A national facility for small area disease mapping and rapid initial assessment of apparent disease clusters around a point source: the UK Small Area Health Statistics Unit.

TitleA national facility for small area disease mapping and rapid initial assessment of apparent disease clusters around a point source: the UK Small Area Health Statistics Unit.
Publication TypeJournal Article
Year of Publication1999
AuthorsAylin P, Maheswaran R, Wakefield J, Cockings S, Jarup L, Arnold R, Wheeler G, Elliott P
JournalJ Public Health Med
Volume21
Issue3
Pagination289-98
Date Published1999 Sep
ISSN0957-4832
KeywordsData Interpretation, Statistical, Databases, Factual, Great Britain, Humans, Morbidity, Mortality, Pilot Projects, Population Surveillance, Public Health, Reproducibility of Results, Risk, Small-Area Analysis
Abstract

BACKGROUND: Reports of disease clusters are often received by district health authorities and are, in some cases, associated with concerns about a pollution source. The Small Area Health Statistics Unit (SAHSU) has developed a Rapid Inquiry Facility, which will produce an estimated relative risk for any given condition for the population within defined areas around a point source, relative to the population in a local reference region. The system can also facilitate the production of annual reports and other health studies for Departments of Public Health Medicine through the creation of ward-level maps to illustrate disease variation across small areas.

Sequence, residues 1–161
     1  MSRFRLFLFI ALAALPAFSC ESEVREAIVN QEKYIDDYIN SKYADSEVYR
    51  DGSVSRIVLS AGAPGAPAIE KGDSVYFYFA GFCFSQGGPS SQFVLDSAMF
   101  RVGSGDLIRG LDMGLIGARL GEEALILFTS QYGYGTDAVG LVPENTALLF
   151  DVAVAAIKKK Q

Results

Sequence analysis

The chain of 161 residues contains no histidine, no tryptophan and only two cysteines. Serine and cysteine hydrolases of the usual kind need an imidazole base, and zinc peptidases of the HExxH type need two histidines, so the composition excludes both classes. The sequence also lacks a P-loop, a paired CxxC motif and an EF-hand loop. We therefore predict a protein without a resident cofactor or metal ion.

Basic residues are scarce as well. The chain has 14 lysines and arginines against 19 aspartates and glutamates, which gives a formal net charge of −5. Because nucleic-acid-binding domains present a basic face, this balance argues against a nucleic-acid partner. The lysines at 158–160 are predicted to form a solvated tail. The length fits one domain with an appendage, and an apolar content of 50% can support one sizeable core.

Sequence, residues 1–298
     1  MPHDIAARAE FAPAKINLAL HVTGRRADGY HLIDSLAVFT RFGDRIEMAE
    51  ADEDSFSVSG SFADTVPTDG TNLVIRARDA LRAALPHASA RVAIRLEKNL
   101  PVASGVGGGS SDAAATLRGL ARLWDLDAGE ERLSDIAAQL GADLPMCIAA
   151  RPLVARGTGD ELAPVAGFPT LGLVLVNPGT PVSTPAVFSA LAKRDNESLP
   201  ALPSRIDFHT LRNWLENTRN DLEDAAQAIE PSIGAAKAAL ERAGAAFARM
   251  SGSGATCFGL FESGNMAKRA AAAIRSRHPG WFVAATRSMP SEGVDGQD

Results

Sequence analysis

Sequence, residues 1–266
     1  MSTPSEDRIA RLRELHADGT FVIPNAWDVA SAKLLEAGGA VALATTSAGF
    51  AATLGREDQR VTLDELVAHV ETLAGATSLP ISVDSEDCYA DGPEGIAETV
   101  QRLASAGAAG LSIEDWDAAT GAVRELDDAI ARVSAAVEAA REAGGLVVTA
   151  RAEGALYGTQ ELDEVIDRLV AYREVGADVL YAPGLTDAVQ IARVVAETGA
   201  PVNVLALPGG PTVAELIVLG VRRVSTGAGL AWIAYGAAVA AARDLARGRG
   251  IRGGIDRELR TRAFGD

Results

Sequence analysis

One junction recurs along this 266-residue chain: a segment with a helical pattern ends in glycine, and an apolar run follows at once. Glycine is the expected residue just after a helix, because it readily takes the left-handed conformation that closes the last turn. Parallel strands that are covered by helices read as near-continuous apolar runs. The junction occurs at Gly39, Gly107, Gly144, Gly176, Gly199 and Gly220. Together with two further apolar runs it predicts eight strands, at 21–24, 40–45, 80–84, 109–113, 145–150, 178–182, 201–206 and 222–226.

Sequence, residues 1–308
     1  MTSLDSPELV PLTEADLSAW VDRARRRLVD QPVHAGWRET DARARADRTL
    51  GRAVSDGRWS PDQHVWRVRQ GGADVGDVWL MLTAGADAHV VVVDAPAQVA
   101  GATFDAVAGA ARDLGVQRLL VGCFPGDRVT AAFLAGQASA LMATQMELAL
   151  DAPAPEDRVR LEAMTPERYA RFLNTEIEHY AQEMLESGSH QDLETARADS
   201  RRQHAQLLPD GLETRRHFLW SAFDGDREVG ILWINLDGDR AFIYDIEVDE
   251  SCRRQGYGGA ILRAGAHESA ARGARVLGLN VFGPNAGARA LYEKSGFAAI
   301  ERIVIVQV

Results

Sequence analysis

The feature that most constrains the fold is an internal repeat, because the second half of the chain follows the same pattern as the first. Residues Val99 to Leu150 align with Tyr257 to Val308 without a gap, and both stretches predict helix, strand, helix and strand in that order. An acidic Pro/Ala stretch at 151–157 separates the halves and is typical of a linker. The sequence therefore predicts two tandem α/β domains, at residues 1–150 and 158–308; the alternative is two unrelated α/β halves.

METHODS: The facility uses routinely collected morbidity, mortality and population data at a small area scale, together with the computing facilities and expertise necessary to run such analyses quickly and efficiently. Using this facility SAHSU can supply a report within three working days. To aid interpretation, smoothed small area maps that account for sampling variability in the observed data can also be produced.

RESULTS: The paper reports on two case studies where the pilot system has been utilized by health authorities for both point source analyses and small area disease mapping.

CONCLUSIONS: We believe that this facility would be of considerable use to districts. The local knowledge and expertise of the local public health specialist is essential in the interpretation and presentation of the facility's output. Feedback from public health specialists is helping SAHSU refine the output of the facility, so as to make the information presented as comprehensive and as useful as possible.

Alternate JournalJ Public Health Med
PubMed ID10528956